Ghazal 76, Verse 4x

{76,4x}

besh az nafas butaa;N ke karam ne vafaa nah kii
thaa ma;hmil-e nigaah bah dosh-e sharaar ;haif

1) more than a/the breath, the kindness/favor of the idols did not show faithfulness
2) the palanquin/'camel-litter' of the glance-- on the shoulder of a spark, alas, what a pity!

Notes:

karam : 'Generosity, liberality; nobleness, excellence; goodness, kindness, benignity; beneficence; bounty; grace, favour, clemency, courtesy, graciousness'. (Platts p.826)

 

ma;hmil : 'That by which anything is supported, that in (or on) which anything is borne; that which carries the double load of a camel, a camel's saddle; a camel litter or dorser (in which women travel)'. (Platts p.1010)

 

nigaah : 'Look, glance, sight, view, regard; consideration'. (Platts p.1151)

 

dosh : 'The arm, the shoulder'. (Platts p.534)

Asi:

It's a pity that the kindness of beloveds was faithful for no longer than a single breath. They undoubtedly did cast a glance in my direction, but that glance was, so to speak, was here and then gone; its litter for traveling had been tied onto the shoulders of sparks-- which are extraordinarily swift-moving and do not stay motionless for longer than a single breath. The camel-litter of the glance has been said to be on the shoulders of sparks because that glance of beauty is flame-scattering; in a single breath it burns up awareness and wisdom. (143)

Zamin:

That is, when she looked, then she turned aside her eyes, the way a spark flashes and then goes out. (206)

Gyan Chand:

If the beautiful ones showed kindness/favor to me, then only as long as a single breath-- that is, for a moment. They cast a glance at me, but the litter of their glance was borne on the shoulders of a spark-- that is, as quickly as a spark flashes, for that long they glanced in my direction. Through the affinity of 'glance' and 'spark' there is also the suggestion that in the glance was a mood of fire-starting.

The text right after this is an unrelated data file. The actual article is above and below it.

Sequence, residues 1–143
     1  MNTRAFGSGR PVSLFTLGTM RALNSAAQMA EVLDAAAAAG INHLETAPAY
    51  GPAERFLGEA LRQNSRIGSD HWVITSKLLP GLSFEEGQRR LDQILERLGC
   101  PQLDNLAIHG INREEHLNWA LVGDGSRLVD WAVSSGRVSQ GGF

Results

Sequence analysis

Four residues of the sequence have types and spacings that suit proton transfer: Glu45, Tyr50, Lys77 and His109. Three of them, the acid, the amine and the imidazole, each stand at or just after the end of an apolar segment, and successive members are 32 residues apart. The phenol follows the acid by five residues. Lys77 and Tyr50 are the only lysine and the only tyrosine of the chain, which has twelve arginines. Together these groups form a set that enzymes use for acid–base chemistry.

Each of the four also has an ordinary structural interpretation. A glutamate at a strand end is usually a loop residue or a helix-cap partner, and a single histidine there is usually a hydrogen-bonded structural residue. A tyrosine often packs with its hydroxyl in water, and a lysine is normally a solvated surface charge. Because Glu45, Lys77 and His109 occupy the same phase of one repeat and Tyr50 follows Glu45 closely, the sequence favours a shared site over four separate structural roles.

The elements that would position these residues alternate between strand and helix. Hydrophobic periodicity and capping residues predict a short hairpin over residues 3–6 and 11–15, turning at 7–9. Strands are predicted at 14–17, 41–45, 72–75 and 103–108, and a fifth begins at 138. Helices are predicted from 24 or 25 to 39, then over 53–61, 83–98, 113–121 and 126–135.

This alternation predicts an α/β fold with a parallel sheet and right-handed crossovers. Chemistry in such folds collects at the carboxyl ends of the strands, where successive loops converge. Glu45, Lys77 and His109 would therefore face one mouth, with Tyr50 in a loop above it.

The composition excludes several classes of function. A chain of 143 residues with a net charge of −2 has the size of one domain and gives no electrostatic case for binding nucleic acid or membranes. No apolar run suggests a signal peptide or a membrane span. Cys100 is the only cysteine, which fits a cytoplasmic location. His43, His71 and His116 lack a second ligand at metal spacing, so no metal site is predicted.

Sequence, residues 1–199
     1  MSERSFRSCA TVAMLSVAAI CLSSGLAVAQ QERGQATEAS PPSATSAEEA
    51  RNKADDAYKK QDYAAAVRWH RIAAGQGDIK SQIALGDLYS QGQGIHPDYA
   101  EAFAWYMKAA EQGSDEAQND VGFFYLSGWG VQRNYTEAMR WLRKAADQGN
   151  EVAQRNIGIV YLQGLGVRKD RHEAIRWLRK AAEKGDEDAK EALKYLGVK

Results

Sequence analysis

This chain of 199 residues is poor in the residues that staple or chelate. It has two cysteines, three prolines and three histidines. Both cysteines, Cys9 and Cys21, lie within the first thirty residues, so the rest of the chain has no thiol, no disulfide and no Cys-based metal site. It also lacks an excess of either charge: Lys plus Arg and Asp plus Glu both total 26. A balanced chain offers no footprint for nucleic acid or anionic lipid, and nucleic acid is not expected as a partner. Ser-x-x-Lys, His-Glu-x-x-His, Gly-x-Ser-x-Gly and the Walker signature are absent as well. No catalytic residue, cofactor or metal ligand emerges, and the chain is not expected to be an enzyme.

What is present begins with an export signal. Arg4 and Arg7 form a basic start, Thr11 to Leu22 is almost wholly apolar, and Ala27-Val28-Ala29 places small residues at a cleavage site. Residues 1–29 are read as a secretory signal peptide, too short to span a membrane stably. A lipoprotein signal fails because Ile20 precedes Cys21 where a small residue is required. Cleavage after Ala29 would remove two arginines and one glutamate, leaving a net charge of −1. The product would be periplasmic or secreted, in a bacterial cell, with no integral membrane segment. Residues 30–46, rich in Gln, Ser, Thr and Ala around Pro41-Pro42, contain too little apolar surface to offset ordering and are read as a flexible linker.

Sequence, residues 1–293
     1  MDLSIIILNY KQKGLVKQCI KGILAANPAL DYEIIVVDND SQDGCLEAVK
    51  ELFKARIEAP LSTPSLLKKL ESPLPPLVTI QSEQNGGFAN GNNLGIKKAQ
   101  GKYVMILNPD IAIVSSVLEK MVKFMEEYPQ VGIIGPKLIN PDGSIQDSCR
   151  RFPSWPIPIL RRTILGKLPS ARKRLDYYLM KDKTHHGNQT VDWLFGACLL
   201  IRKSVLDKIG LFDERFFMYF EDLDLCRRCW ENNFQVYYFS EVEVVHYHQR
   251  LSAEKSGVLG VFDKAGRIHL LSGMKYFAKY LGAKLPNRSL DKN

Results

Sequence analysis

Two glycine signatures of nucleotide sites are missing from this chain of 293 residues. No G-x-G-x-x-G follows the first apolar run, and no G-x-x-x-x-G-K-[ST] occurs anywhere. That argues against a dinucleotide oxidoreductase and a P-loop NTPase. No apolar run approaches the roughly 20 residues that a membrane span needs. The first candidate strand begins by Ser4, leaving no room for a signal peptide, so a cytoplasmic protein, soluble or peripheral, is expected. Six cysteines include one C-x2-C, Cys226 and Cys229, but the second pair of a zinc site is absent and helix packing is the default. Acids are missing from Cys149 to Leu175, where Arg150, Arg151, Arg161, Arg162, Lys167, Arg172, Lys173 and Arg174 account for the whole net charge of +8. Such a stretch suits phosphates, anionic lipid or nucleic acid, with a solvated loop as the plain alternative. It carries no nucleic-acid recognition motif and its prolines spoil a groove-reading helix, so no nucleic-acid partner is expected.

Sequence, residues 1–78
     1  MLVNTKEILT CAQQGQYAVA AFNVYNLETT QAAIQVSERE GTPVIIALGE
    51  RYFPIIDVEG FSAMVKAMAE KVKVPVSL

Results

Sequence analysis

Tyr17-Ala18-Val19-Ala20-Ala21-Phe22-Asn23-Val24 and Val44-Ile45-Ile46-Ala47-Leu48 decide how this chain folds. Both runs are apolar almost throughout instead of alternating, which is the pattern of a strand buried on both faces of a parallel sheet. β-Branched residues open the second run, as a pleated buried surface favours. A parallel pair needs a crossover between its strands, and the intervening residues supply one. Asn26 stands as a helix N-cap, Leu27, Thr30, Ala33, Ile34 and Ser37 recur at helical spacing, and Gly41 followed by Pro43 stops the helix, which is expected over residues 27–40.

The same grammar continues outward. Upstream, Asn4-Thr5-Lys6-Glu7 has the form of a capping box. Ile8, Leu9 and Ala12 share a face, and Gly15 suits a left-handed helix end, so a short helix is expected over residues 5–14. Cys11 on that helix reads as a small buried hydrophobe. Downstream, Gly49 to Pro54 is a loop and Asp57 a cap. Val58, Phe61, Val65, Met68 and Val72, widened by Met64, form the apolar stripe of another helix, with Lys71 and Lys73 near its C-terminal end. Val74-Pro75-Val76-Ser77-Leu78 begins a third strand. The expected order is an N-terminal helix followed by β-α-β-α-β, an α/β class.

== Gyan Chand, p. 236

FWP:

SETS
GAZE: {10,12}

For background see S. R. Faruqi's choices. This verse is NOT one of his choices; I thought it was interesting and have added it myself. For more on Ghalib's unpublished verses, see the discussion in {4,8x}.

On the uncertain nature of a ma;hmil , see {147,7x} for discussion and examples.

The weird and fascinating thing about this verse is its play of metaphors, its heap of bizarre, unassimilated images. We are to imagine the 'glance' or 'gaze' as riding in some kind of palanquin-- which is really almost impossible to imagine. (Vision itself, with its utter instantaneousness, needs to use a vehicle-- who knew?) Then we also are to imagine this palanquin as borne on the shoulder(s) of one or more sparks. (Sparks have shoulders-- who knew?)

This verse, in its pursuit of imaginative originality even at the cost of creating an unwieldy abstractness, is a real case of ;xayaal bandii , 'thought-binding'; on this see Faruqi's commentary in M{602,6}. Compare the use of a ma;hmil in {29,1}, which is weird but still much more conceivable (it's easier to imagine ardor as binding a heart to a sand-grain than a glance as riding in a palanquin borne by sparks).

In the first line, besh az nafas , 'more than breath', can certainly mean 'any longer than a breath lasts', as the commentators maintain. It could also be taken to mean 'any more than does breath (show faithfulness)'-- which is very little, since the breath always comes and goes, and one day will desert us entirely). Then, 'breath' is also something that can act on a 'spark'-- either by fanning it into flame, as Gyan Chand suggests, or else by blowing it out entirely.